How Our Travel Footprint Affects The Environment in 2020
February 25, 2020
We are living in an age where we face a global climate crisis and often hear that travel is one of the worst ways individuals can leave an impact on the planet earth. It is crucial to know and understand why maximising sustainability during your travel and whilst at your destination is necessary.
In 2018, the United Nations Intergovernmental Panel on Climate Change warned that we need to take serious action by 2030 or it may be too late to reverse the damage. As Britain’s capital tops UK carbon footprint list, we have a few suggestions on how Londoners and tourists can reduce harmful CO2 emissions while traveling.
According to the BBC, flights produce greenhouse gases – mainly carbon dioxide (CO2) – from burning fuel. These contribute to global warming when released into the atmosphere. For example, An economy-class return flight from London to New York emits an estimated 0.67 tonnes of CO2 per passenger, according to the calculator from the UN’s civil aviation body, the International Civil Aviation Organization (ICAO). It is worth mentioning that aviation contributes about 2% of the world’s global carbon emissions, according to the International Air Transport Association (IATA). It also predicts that passenger numbers will double to approx. 8.2 billion in 2037 and that the total number of emissions is set to rise.
Compearing to flying, train journies are a lot more environmentally friendly. For example, according to EcoPassenger, a journey from London to Madrid would emit 43kg (95lb) of CO2 per passenger by train, but 118kg by plane (or 265kg if the non-CO2 emissions are included). However, the number of emissions generated by using trains and planes varies, depending on several factors, such as if the train is electric, and what way the electricity they use is generated. With regards to diesel trains – carbon emissions can be twice those of electric ones. For example, some diesel trains can emit more than 90g of C02 per passenger per kilometer, compared with about 45g for an electric Intercity 225, figures from the UK Rail Safety and Standards board show.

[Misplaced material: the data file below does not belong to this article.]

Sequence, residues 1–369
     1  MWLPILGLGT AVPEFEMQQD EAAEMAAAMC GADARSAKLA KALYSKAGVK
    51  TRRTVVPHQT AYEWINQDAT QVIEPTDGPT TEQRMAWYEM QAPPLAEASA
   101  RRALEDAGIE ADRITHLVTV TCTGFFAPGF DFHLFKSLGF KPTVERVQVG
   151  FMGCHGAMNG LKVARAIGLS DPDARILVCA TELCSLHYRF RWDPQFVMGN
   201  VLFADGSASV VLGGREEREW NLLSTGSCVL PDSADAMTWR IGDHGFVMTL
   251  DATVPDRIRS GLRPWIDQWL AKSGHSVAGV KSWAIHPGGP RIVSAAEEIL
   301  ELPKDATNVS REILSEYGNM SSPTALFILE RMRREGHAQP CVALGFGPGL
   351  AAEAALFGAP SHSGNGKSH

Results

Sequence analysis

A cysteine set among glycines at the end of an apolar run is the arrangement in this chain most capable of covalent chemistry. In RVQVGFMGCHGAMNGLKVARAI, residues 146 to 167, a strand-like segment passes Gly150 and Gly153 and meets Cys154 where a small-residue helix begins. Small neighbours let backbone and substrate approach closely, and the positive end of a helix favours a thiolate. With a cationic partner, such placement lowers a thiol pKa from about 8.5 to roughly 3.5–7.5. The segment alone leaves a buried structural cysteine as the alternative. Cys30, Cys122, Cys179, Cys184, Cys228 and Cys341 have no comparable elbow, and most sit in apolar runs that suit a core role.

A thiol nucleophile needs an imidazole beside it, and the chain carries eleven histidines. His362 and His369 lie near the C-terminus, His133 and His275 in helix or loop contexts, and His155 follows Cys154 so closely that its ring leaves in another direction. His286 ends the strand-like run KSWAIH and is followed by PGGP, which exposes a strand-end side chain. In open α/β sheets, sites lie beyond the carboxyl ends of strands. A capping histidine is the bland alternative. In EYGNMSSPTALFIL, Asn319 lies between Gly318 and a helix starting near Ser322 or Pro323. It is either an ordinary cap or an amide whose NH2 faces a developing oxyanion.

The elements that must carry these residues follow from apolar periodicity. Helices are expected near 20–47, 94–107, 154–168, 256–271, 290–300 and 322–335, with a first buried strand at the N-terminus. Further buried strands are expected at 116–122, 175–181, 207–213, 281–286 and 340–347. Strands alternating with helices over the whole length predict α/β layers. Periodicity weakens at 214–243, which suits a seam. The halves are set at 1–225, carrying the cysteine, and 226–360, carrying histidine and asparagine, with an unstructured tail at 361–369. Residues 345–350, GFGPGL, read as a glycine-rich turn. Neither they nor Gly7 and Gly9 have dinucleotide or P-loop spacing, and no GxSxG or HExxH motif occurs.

Driving can be better than flying and taking a train – if the car is electric. The popularity of Electric vehicles (EV) is increasing very strongly. According to CarbonFootprint.com In the UK electric vehicles, were ca.14% of the new market in Dec 2019 and by 2035 it’s forecast that all new car sales in Europe will be electric vehicles. London is one of 20 global cities leading on electric vehicles, including taxis. For example, an electric taxi emits 29 g/km CO2 in comparison to a diesel one with 222 g/km emissions of the CO2.
Here are comparisons of EV cars:
About 3,550 electric cabs manufactured by the London Electric Vehicle Company (LEVC) have been licensed to operate in London since its introduction in January 2018. The LEVC electric taxi model runs on a battery for about 80 miles, with an engine range extender for use outside central London capable of up to 400 miles. Electric cabs have many advantages and features that both drivers and passengers can benefit from. According to the LEVC study, driving an electric taxi reduces stress levels, is more comfortable and cost-effective. Passengers love electric taxis not only for their low emission capabilities but also for their advanced technology onboard. They are equipped with USB charging points as well as a full-size power socket which can be used to charge your laptop or smartphone for example. On top of that, you’re able to gain access to free 4G Wifi, control air conditioning with climate control, and switch on/off the speaker to communicate with your driver. Electric taxis are also wheelchair accessible with additional accessibility features. Thanks to innovative companies like Sherbet Ride it is very easy to move eco consciously around London whilst visiting, or on day to day basis, when you don’t have a car. You can pre-book or book on-demand your electric taxi via Sherbet Ride app or online at www.sherbetride.com/web-booker.
To summarise, every one of us has to remember that the sustainable choices we make every day have a real impact on the environment around us. Air pollution is a major global issue that is causing premature deaths and illnesses throughout the world. The majority of air pollution in developed countries such as London is caused by traffic which prominent due to the congestion. Air pollution associated with conventional vehicles includes Nitrogen oxides (NOx), Particulate Matter (PM10), and Carbon Monoxide (CO) which are emitted from exhausts due to the burning of fuel. Diesel emits four times the amount of NOx and 22 times the amount of PM10 that the average petrol vehicle. Choose your way of travel wisely and offset your carbon footprint.